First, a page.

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AddRan College of Liberal Arts

Department of Religion

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Society & Culture

This course explores Native American experiences with and responses to Christianity, as well as European and American efforts to use Christianity to understand and dominate Native Americans and dismantle their cultures from 1492 to the present. In doing so, we will think about how religion intertwines with national, political, and economic goals and socially-constructed ideas of race and gender, as well as how the absorption of American values such as democracy, freedom, individualism, capitalism, and progress, led to creating American Christianity. We will also learn basic concepts and practices of both Christianity and traditional Native American spiritual ways of life. RT, HUM

Using our humble resources, humans have always endeavored to shape our most profound experiences, our deepest desires, and our highest ideals in forms and textures that resonate with the world we inhabit.  In this respect, the arts give outward expression to those experiences at the heart of religion.  The arts can reveal a level of religious and cultural reality that cannot be approached or engaged otherwise.  This class therefore explores the world’s religions through the arts. RT, HUM

 
 
 
 
 An exploration of the interrelations between religious faith and scientific study, focused on the Christian doctrine of creation and scientific descriptions of cosmology and evolution. Historical readings addressing these issues will include Galileo and Charles Darwin, and reactions to these thinkers. Faculty members from the College of Science and Engineering will contribute their own reflections on the relation of religious faith and scientific study. HUM, WEM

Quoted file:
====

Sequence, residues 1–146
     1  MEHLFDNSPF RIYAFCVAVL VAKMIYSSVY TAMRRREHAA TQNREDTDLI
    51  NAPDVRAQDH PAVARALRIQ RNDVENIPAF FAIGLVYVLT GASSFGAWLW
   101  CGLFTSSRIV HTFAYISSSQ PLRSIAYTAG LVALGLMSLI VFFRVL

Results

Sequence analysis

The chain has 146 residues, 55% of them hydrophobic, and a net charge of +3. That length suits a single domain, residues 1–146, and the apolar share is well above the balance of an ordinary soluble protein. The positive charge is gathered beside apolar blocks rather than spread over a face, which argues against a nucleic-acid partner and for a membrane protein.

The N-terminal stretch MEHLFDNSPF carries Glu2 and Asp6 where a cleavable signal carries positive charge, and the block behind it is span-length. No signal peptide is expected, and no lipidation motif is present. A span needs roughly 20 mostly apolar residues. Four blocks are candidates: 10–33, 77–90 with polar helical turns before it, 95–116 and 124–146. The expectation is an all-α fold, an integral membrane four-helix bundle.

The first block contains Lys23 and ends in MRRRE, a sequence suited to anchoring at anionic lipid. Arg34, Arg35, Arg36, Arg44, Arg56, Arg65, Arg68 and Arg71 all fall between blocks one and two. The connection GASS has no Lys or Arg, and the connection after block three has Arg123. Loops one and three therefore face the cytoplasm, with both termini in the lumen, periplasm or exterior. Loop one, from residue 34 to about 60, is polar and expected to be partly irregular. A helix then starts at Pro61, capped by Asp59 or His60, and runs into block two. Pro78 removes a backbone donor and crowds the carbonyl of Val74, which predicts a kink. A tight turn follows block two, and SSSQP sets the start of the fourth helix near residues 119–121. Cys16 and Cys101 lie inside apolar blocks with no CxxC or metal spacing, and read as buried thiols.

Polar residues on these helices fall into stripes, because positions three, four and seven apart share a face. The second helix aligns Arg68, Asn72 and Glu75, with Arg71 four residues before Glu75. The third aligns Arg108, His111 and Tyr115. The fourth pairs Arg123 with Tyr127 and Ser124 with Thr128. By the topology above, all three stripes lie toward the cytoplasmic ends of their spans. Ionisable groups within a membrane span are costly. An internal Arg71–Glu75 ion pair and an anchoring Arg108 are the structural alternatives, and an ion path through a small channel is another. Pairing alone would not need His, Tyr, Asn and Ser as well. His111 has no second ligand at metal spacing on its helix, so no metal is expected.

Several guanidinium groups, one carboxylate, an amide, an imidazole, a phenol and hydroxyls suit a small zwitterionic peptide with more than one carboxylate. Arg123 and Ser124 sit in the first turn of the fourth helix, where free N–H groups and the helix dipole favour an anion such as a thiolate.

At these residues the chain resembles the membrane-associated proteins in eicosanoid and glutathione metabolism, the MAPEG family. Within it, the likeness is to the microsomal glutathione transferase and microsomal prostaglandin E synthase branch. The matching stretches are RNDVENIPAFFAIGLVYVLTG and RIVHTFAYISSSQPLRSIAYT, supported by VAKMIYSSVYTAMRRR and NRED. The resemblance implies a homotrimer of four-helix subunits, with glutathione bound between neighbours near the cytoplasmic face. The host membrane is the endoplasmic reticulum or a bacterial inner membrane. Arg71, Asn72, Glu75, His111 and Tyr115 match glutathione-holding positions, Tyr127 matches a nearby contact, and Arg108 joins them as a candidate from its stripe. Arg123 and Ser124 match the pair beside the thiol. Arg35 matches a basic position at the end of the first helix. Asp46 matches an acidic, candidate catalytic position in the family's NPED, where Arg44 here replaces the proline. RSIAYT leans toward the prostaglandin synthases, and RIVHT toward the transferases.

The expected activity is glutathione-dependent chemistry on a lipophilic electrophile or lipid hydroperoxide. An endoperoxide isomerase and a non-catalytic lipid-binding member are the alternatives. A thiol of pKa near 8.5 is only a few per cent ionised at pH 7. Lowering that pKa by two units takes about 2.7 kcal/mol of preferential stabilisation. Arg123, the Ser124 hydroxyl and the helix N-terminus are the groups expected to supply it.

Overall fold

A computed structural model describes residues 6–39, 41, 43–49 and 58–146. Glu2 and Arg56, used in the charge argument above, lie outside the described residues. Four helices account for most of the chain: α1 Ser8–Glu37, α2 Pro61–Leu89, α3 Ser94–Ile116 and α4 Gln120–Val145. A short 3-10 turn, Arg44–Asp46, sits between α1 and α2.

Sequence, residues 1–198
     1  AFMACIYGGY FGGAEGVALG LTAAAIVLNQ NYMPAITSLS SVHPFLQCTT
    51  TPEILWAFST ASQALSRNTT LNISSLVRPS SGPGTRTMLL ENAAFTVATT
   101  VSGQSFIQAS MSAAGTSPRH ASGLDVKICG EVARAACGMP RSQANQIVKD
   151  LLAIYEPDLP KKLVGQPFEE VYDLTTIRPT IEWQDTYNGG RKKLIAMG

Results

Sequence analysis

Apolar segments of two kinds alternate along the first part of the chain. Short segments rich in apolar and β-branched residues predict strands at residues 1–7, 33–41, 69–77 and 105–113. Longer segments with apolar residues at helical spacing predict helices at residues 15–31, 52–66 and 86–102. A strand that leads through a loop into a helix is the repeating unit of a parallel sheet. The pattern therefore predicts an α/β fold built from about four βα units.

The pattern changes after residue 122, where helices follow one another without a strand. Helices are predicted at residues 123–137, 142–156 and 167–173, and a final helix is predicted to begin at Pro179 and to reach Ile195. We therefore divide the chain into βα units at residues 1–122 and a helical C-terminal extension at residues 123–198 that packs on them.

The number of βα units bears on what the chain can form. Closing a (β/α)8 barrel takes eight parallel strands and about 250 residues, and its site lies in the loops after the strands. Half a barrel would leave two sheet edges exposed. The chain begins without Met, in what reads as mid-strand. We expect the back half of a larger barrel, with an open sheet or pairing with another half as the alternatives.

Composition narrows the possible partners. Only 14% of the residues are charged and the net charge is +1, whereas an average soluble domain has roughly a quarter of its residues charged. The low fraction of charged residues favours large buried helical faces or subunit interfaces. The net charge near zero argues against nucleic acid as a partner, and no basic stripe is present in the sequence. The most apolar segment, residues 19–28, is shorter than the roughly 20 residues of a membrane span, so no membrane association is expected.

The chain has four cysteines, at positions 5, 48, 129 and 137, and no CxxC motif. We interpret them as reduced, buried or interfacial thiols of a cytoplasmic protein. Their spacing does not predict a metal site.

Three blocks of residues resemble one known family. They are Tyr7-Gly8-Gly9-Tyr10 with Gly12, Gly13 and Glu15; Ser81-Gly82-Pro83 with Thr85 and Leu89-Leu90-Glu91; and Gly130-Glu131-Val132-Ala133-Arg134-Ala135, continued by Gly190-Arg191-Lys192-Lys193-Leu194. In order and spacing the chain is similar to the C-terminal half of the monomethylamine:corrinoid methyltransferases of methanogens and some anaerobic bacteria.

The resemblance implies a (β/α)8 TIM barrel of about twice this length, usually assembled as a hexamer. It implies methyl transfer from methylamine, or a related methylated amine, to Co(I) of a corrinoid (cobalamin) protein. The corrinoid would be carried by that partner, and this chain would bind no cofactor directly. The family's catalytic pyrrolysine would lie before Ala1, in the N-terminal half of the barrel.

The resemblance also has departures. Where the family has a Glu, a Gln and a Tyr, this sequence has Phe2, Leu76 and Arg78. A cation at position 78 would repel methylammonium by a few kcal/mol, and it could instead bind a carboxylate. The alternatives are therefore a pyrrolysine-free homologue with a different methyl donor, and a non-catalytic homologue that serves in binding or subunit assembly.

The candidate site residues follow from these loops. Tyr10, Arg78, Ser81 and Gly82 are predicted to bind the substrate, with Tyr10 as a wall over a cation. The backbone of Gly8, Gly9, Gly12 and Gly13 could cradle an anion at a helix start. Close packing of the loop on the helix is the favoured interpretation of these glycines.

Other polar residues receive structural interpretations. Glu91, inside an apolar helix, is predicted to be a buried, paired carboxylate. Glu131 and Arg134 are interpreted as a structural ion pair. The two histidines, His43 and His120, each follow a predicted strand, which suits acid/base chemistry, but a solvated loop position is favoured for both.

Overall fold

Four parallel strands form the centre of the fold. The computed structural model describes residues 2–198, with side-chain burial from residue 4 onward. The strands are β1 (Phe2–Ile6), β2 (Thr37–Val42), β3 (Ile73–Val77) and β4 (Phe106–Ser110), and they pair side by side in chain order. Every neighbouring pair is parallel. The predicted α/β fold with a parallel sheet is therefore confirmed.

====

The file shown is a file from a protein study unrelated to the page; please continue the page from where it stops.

This class looks to religion and art to understand how meaning is made.  This is because we do not demand that religion or art speak in the calculative language of pure rationality.  Rather, in religion and art we ask and answer questions of meaning, purpose, and value that transcend the practical calculus of utility. We do not ask art to serve a utilitarian function just as was we do not ask religion to provide simple pragmatic life-lessons. Rather, both domains offer profound expressions of authenticity, meaning and purpose. (This class meets in museums and galleries across Fort Worth.) WEM

In this course we will examine the fascinating world of goddesses and sacred female powers within Indian religious traditions. Through primary and secondary sources, we will explore the ways in which goddess-centric worldviews and goddess worship intersect with localized cultural understandings of medicine and ritual healing, gender identity, sexuality, politics, and activism. The course introduces students to postcolonial feminist and gender studies perspectives. NOTE TO RELIGION MAJORS: Experimental Courses can carry credit in any of the three Religion course categories. Please submit requests for particular category designations to the department chair.

 

 

Course Catalog